The Office of National Statistics (ONS) has released its latest figures on divorce in England and Wales. The data shows that there was a surge in new divorce applications in 2019 of over 18% compared to the previous year. This is believed to be the sharpest rise in divorce cases in nearly 50 years.
There were 107,599 divorces between opposite-sex couples, the highest number in five years. This equates to 8.9 divorces for every 1,000 married people, a rate that was just 7.5 in 2018. There were also 822 divorces recorded between same-sex couples. This represented a huge rise of nearly 50% compared to 2018.
The 2019 increase is certainly surprising, as divorce numbers have generally been on a downward trend for a number of years. According to the ONS report, this is partly because fewer people are getting married in the first place. It states:
"Changes in attitudes to cohabitation as an alternative to marriage or prior to marriage, particularly at younger ages, are likely to have been a factor affecting the general decrease in divorce rates since 2003."
What caused the 2019 rise in divorces?
These startling new figures beg the question – what happened in 2019 to cause so many marriages to fall apart?
According to the ONS, the explanation could actually be very simple. It could all be down to an administrative issue.
The ONS has said that at least part of the increase could be attributed to a casework backlog in 2018. This would make divorce cases lower in 2018 and higher in 2019, with many divorces from 2018 only being recorded in the following year’s figures.
The report stated:
"The size of the increase can be partly attributed to a backlog of divorce petitions from 2017 that were processed by the Ministry of Justice in early 2018, some of which will have translated into decree absolutes (completed divorces) in 2019.”
Another divorce spike on the horizon
Due to the intense pressures of 2020 during the start of the coronavirus pandemic, another sharp increase in divorce cases is almost certainly on the way. Numerous lockdowns, restrictions and hardship are bound to have exacerbated existing marriage problems.
The charity Citizen’s Advice saw a significant increase in searches for divorce guidance on its website as early as April 2020. And in September, this rise in searches was 25% higher than the same time in 2019.
But if you’re facing marriage problems, you don’t have to go through it alone.
Get in touch with Wirral divorce solicitor Tracey Miller Family Law and we can help you arrange mediation and counselling, as well as reliable, practical divorce advice if you need it. Call us on 0151 515 3036 or contact us online – we’re here to help.
The new court will be trialled next year in a limited number of areas, starting with London, South Wales and the West Midlands. The announcement was made by Sir James Munby, the most senior family court judge in England and Wales, who has long been in favour of ‘de-linking’ divorce and money in the UK court system. His announcement outlined how the new courts will work during the pilot scheme, as summarised by Monidipa Fouzder in The Law Society Gazette:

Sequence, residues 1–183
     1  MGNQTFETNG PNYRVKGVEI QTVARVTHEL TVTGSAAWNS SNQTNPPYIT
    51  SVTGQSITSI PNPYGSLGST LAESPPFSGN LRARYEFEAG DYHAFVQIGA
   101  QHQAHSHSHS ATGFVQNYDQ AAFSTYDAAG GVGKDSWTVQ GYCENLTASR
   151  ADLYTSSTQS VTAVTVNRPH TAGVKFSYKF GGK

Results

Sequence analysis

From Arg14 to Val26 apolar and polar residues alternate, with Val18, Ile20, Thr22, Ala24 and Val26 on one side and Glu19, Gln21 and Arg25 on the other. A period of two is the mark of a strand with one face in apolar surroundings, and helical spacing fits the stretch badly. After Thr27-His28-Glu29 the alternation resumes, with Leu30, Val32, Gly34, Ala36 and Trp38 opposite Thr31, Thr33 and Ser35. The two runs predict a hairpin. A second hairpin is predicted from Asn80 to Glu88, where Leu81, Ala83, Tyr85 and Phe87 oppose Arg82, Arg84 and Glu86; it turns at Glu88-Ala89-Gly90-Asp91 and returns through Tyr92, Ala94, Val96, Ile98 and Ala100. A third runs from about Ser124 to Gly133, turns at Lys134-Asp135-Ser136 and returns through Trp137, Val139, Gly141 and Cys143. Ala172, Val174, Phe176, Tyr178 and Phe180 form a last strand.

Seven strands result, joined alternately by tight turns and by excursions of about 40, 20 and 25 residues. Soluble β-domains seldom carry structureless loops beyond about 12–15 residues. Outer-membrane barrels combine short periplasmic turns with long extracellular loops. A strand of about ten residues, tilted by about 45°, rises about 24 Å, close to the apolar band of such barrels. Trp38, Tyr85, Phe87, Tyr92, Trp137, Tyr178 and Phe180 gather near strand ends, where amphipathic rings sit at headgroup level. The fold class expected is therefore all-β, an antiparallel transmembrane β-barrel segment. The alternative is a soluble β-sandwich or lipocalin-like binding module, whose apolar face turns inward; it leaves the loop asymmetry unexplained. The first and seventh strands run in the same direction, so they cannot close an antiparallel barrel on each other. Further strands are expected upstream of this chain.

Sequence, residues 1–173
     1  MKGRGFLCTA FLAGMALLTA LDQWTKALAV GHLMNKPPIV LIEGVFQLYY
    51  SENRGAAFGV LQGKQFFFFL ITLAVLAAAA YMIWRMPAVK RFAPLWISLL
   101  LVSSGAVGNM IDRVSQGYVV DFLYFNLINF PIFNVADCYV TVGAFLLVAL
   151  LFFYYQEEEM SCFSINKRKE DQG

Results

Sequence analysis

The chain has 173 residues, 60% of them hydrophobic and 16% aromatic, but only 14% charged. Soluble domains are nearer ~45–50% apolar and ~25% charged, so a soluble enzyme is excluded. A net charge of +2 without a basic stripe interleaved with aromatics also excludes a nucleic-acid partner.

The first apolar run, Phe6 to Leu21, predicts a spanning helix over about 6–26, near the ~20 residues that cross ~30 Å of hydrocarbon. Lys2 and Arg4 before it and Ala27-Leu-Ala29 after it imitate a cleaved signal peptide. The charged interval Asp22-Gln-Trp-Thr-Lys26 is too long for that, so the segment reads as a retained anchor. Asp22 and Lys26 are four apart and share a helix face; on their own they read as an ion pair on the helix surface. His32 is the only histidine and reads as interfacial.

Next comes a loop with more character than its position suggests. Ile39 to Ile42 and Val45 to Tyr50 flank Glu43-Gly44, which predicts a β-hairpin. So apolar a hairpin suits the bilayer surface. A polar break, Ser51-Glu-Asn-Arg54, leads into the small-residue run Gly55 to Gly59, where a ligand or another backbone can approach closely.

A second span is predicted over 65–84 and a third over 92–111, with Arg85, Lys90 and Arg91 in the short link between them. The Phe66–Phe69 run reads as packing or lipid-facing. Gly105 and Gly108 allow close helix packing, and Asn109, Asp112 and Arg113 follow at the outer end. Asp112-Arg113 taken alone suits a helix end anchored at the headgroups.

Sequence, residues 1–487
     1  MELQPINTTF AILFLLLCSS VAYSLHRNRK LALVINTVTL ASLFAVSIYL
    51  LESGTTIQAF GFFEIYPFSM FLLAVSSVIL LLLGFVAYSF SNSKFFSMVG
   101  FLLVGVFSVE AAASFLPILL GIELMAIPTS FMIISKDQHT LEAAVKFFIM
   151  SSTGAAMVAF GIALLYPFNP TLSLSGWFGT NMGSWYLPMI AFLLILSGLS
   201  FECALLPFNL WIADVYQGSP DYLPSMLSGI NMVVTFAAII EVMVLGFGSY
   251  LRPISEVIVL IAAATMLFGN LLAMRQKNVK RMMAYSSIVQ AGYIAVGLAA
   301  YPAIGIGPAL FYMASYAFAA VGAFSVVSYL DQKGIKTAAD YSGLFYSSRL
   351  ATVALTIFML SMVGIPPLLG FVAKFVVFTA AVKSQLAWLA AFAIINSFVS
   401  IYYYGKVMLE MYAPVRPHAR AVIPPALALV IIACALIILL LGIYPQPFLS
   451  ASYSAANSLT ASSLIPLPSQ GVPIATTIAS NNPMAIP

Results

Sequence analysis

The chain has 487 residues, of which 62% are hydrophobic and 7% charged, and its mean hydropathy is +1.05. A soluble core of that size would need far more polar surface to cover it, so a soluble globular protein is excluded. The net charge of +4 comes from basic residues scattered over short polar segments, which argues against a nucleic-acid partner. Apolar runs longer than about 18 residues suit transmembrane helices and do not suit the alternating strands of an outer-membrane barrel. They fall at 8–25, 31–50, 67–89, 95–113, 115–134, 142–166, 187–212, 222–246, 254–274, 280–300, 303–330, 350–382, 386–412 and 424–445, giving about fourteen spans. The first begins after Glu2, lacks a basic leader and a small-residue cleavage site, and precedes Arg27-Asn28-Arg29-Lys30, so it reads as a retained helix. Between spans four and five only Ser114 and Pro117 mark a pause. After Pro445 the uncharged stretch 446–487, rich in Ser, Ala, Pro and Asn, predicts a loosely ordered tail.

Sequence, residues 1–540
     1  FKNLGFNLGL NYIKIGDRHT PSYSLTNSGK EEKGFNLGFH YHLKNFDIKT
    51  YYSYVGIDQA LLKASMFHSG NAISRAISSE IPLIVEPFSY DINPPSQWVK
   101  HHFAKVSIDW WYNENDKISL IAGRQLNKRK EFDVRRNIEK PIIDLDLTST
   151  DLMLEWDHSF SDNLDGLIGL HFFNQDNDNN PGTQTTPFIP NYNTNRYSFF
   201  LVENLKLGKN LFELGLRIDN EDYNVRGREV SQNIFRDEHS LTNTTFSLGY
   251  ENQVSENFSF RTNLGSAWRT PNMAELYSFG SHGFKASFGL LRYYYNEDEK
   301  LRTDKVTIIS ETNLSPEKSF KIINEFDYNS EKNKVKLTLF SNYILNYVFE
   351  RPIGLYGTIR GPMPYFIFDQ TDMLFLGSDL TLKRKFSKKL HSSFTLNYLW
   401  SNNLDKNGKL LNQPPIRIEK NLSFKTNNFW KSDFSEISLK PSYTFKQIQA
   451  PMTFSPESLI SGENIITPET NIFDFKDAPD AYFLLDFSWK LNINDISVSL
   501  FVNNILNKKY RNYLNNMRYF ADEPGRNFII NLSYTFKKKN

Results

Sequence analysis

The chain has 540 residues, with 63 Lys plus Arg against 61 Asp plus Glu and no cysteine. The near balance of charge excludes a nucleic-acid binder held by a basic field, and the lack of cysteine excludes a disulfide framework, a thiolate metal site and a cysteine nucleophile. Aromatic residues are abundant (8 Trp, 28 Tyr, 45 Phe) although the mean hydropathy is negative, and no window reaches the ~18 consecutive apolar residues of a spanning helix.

“Each circuit will typically have two regional hubs, headed by a lead judge expert in financial remedy work.
“Hearings will be conducted at the regional hubs and some financial remedies hearing centres within the hub area. 'Ticketed judges' will initially deal with ancillary relief cases. The work will eventually extend to all financial remedy cases dealt with in the family court or family division. District and circuit judges who currently do financial remedy work will be 'grandfathered' in.
“The courts will function separately from the regional divorce centres. They will initially handle paper files. However, HM Courts & Tribunals Service 'is already working on...a fully digitised model'.”
Why create a new court?
The aim of the Financial Remedies Court is to speed up and streamline the UK’s divorce courts, to make the process of getting divorced quicker and more efficient. By separating those cases involving complex financial disputes, particularly those involving disputes between wealthy couples with vast estates in the UK and overseas, from cases where there are no disputes over money – it is hoped that it could speed the system up for everyone.
Family and divorce courts can also place a greater priority on cases involving domestic abuse and other emergency situations, without the strain on time and resources from financial disputes that can drag on for months. A specialist court for financial matters will result in dedicated attention to achieve quicker resolutions for divorcing couples, while the family courts can do the same for all other cases.
Some reports have described the move as creating ‘courts for the super wealthy’, but not all financial claims heard in the Financial Remedies Court will be high value ones. Any dispute involving finances can be heard in these courts. However, it is worth mentioning that cases involving super wealthy couples are often the most complex to resolve, sometimes taking years or even decades, along with teams of divorce solicitors and millions of pounds, in order for a settlement to be reached. Taking these cases out of the family courts to free up time and resources can only be a positive move for all involved.
If you are facing divorce and want expert advice on how this change may affect you, please don’t hesitate to get in touch with the team at Tracey Miller Family Law, expert divorce solicitors in Liverpool.